“I hope to tell people about the madness of the war. That is my last job.”
—Toshio Tono, 89, who is the last surviving witness to the vivisection of eight American POWs at a hospital in Fukuoka in 1945


  • A senior official with the Civil Aviation Bureau had his tablet PC stolen after falling asleep on a Denentoshi Line train. The device contained a list of emergency contact information for staff at the land ministry.
  • An American woman who was trying to row across the Pacific by herself had to be rescued by the crew of a Japanese freighter about 250 kilometers off the coast of Fukushima Prefecture.
  • It was reported that, after lowering the voting age from 20 to 18, government officials are struggling to help youngsters “navigate [the] elections law minefield.”
  • An LDP study panel is considering legislation that would “prevent the leaks and misuse of genetic information.”


  • A survey by Nippon Life Insurance Company has found that 31 percent of single Japanese women “expressed little interest in marrying.”
  • Another survey suggests that 87 percent of parents in Japan want to have a second child but can’t afford to.
  • Government officials announced a plan to curb ballooning medical costs by reducing hospital beds by more than 10 percent over the next decade.
  • Disgraced stem-cell researcher Haruko Obokata returned the ¥600,000 she received from the RIKEN institute for publishing papers in Nature that turned out to be fraudulent.


  • 38: Percent of respondents to a Cabinet Office poll who say they “don’t want a boyfriend or girlfriend”
  • 11,279: Number of scholars who signed a statement against the government-sponsored security bills after the legislation cleared the Lower House of the Diet
  • 9,139,900: Number of foreigners who visited Japan during the first six months of 2015—the most on record


  • Researchers at the Japan and International Motion Picture Copyright Association say movie piracy robs the industry of about ¥20 billion a year.
  • A professor at Kanto Gakuin University has found World War II-era documents suggesting the U.S. military planned to use almost the entire main island of Okinawa as a staging ground for an attack on the Japanese mainland.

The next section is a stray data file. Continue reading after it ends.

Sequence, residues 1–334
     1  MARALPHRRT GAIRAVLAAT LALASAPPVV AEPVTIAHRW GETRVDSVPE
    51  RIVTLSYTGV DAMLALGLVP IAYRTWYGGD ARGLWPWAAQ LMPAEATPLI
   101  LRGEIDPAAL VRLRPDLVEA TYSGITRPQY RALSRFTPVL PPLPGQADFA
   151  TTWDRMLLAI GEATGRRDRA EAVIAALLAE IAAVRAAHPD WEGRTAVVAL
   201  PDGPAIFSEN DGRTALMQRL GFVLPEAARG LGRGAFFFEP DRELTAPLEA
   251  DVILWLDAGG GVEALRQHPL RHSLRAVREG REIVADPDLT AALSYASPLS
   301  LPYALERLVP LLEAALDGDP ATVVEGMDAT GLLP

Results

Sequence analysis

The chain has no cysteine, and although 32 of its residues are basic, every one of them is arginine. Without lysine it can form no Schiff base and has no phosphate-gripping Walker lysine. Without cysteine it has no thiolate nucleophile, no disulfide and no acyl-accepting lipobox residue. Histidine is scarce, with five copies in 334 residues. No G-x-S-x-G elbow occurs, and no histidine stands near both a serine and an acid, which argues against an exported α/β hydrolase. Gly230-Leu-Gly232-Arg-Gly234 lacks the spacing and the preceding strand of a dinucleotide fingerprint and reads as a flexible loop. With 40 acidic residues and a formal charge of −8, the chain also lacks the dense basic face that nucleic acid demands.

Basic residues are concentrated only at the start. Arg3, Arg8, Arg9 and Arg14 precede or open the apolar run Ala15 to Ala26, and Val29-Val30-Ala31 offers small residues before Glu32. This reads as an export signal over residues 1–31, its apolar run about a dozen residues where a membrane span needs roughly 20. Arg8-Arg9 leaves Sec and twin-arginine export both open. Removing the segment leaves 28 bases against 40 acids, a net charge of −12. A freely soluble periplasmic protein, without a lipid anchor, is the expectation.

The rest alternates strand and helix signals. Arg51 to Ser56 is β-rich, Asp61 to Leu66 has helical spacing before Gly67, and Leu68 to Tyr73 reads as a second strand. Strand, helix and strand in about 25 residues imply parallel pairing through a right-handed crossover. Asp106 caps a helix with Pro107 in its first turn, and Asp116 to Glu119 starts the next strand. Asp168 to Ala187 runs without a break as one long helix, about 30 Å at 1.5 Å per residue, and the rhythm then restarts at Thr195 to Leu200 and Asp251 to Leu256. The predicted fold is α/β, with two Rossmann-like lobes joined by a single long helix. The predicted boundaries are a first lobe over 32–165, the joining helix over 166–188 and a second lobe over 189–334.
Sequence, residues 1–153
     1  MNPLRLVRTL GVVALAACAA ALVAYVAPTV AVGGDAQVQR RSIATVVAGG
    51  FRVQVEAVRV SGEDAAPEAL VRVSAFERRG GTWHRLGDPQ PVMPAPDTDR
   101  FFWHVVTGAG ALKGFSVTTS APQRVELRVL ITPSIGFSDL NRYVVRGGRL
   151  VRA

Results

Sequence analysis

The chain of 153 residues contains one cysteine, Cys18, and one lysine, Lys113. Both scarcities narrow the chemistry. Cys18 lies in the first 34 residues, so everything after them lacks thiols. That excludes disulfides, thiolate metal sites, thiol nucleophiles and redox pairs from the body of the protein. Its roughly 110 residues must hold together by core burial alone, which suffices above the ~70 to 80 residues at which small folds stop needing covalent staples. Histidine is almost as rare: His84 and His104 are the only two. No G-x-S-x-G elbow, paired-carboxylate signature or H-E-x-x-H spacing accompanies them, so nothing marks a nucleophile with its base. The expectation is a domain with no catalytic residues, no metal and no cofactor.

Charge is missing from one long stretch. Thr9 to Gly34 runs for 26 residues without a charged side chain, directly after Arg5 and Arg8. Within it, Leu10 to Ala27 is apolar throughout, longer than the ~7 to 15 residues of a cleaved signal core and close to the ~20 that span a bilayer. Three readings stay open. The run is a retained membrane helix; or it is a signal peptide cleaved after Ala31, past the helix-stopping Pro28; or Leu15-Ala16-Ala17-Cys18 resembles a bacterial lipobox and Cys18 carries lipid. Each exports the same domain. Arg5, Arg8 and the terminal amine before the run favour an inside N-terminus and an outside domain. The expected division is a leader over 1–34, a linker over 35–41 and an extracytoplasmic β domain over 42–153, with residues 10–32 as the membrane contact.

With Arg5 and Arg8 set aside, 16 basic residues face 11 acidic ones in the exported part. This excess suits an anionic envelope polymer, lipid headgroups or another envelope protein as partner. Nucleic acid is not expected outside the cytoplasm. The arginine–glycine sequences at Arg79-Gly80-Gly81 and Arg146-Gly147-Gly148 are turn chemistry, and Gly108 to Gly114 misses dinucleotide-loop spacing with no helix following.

• Scientists say an aurora that appeared in Hokkaido in March—the first to be spotted in Japan in 11 years—was caused by magnetic storms near the Earth, not explosions on the surface of the sun.
  • Officials at the environment ministry are organizing the world’s first survey on microscopic plastic waste in the Antarctic Ocean. The rubbish can be ingested by plankton and represents a threat to the food chain.


  • A government white paper on suicides during 2014 found that the number of people who killed themselves was below 30,000 for the third consecutive year.
  • Of the 25,427 people who took their own lives, 62 percent were men and 38 percent women.
  • The top reasons given were health problems, money issues, and family difficulties.
  • The report also found that suicides among people aged 18 or younger were concentrated around “the start of a school semester.”


  • It was announced that Pope Francis will likely beatify Takayama Ukon (1552-1615), a feudal lord who gave up his title and was forced into exile because of his faith.
  • Officials at the meteorological agency have begun receiving data from the Himawari-8, the first geostationary weather satellite that can shoot color photos of the Earth.
  • At long last, Japan’s major mobile carriers are mulling a plan to eliminate their standard two-year contracts, which are universally reviled by consumers.
  • Bottom Story of the Week: “Gunma Town Signs Dinosaur Research Partnership with Mongolia” (via Mainichi Japan)


Compiled from reports by AP, Japan Today, The Japan Times, Jiji, The Tokyo Reporter, The Mainichi, The Japan News, AFP, Reuters, and Kyodo